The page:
By Julia Prodis Sulek and Matt O’Brien
It’s so easy to get discouraged, disillusioned and downright disgusted by elections. Even a video of a 4-year-old Colorado girl crying to her mother because she’s “tired of Bronco Bama and Mitt Romney” touched a universal nerve.
But on this Election Day, we celebrate those who power though the negative ads, the dizzying campaign mailers and the incessant robo-calls and cast their ballots just the same. From first-timers to veterans, Bay Area voters who have taken the time to decode the complicated propositions, research local candidates and — bonus points here — watch the presidential debate during Game 7 of the National League baseball playoffs, we commend you.
The reasons are often as simple as a civics lesson.
“I like to say I did my part,” Gloria Dy, 48, a quality assurance analyst in Santa Clara said Monday. “If you don’t do your part, you can’t complain.”
And for new citizens, it can be as passionate as a surge of American pride.
“I’m excited and nervous at the same time,” said Filipino native Nigel Remis of Pinole, who will vote as an American for the first time Tuesday after taking his citizenship oath last month. Drowsiness will tug at Remis, who works the graveyard shift registering patients at Stanford Hospital, but nothing will stop the 31-year-old from getting to his neighborhood ballot box before he goes to bed Tuesday morning. “I was born as a Filipino, but I feel in my heart a loyalty to the U.S.,” he said.
“I feel patriotic.”
Sambath Ros, 77, no longer feels too nervous to vote.
He is one of more than 100 Cambodian elders in East Oakland who fled the violent Khmer Rouge three decades ago and are now voting in the United States for the first time. A community group worked to register the elders, who don’t speak English well and have felt disconnected to get involved until Khmer-speaking activists reached out to them.
“This country helps the people,” Ros said.
Not everyone can be motivated. Almost 18 percent of the registered voters in Alameda, Contra Costa, Santa Clara, San Mateo and San Francisco counties cast no ballot in the historic 2008 presidential general election; one-third of the region’s registered voters ignored the 2010 general election for governor.
But really, there should be little excuse in this fair weather state for avoiding the polls, considering the extraordinary lengths voters on the storm-ravaged East Coast are going through to fulfill their public duty: They’re slogging through sand and downed trees, rustling up battery packs to power voting machines and spending as much time finding their displaced polling locations as tanks of gas. With another storm barreling toward the region Tuesday, New Jersey voters, for the first time, can email or fax their votes. And New Yorkers will be allowed to vote at any polling place in the state and might get an extra voting day if turnout falls below 25 percent.
In the Bay Area, there is little on this election day to hinder time-honored voting rituals, where neighbors gather for ballot parties, mothers send out handwritten cheat sheets to their too-busy grown children and parents walk their school-age kids to the polls to see Democracy in action and get an “I Voted” sticker.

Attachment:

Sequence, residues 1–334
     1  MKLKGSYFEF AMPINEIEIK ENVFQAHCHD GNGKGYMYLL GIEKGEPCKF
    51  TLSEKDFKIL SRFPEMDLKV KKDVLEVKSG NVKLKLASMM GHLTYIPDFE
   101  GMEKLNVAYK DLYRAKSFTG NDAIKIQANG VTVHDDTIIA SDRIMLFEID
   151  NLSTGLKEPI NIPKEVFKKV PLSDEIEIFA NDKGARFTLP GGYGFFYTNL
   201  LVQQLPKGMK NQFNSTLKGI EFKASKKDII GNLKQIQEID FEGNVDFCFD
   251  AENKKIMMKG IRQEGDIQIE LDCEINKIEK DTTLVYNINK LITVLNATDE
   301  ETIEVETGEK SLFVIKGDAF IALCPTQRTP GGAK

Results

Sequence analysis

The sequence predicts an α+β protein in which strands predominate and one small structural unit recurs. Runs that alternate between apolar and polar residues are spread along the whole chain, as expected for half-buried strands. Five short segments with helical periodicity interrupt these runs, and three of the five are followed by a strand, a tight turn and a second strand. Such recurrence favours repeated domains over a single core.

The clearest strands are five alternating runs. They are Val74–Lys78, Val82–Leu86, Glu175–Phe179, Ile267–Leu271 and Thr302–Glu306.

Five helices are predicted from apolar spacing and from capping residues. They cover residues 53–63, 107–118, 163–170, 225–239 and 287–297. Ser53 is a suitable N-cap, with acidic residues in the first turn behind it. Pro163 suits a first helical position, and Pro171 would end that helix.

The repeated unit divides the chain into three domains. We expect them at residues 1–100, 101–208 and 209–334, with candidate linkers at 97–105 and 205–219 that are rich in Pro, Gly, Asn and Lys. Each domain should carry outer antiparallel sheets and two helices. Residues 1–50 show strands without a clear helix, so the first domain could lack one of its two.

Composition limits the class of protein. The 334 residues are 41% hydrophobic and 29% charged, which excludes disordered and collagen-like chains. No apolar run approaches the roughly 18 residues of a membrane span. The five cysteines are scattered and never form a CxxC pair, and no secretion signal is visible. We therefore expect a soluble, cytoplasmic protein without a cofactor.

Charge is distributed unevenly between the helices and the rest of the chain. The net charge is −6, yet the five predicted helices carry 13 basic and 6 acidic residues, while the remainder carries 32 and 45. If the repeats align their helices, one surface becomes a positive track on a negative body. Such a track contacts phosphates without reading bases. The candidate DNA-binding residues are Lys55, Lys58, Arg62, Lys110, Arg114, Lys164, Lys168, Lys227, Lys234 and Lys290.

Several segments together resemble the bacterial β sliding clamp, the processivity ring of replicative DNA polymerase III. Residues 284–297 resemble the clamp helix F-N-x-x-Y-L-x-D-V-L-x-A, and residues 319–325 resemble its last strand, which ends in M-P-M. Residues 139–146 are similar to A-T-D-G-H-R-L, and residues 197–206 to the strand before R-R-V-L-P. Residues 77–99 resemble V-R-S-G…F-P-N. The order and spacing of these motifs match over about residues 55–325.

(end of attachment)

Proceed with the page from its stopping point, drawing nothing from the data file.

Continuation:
“I think the government is so removed from the people — it’s Democrat vs. Republican and Republican vs. Democrat and they forget who put them in office,” said Larry Moretti, 63, who owns an auto repair business in Santa Clara and who — like more than 800,000 voters in the Bay Area — already sent in his mail-in ballot. “This is my way of letting them know how I feel.”
Denise Miller, a 27-year-old Santa Clara University Law student, also sent in her ballot — to her home state of Arizona, where Maricopa County Sheriff Joe Arpaio who made headlines about his harsh immigration stand is up for re-election.
“I hope my vote in Arizona might be more of a swing vote there,” said Miller, who is encouraging her reluctant younger sister to vote, too. “If we become apathetic, that’s not helping anything.”
On Tuesday morning, more than 1,000 immigrants will emerge from a swearing in ceremony at Oakland’s Paramount Theatre as new citizens. Although Oct. 22 was the state’s deadline to register for this election, California offers a grace period for the last batch of newly naturalized citizens, who can go directly to their county election office, register and vote on the same day.
Jessica Guan and Kiran Bhogadi, who both became American citizens this fall, will head to the polls in Millbrae. Guan hails from China, the world’s largest communist country. Bhogadi, her husband, comes from India, the world’s largest democracy. While their newborn daughter slept, the couple spent hours studying the propositions and candidates.
“It is a right, and also a privilege,” said Guan, a financial analyst who learned about the American political system as a schoolgirl in Beijing, where voting was an abstract concept. “I’ve done my homework. I’ve made my choices. I take it very seriously.”
And like all Americans, new and old, the importance of the voting experience is passed to the next generation.
David Ortiz of San Jose, who drives a tour bus for Royal Coach and is especially concerned about measures that fund road improvements, said he’s spent time with his 26-year-old daughter discussing the issues.
“I’ve told her it’s important and will affect how we live and how our money is being spent,” Ortiz said. “If you want to make some kind of impact, start with issues that directly affect you, like your community and schools, things you want to change.”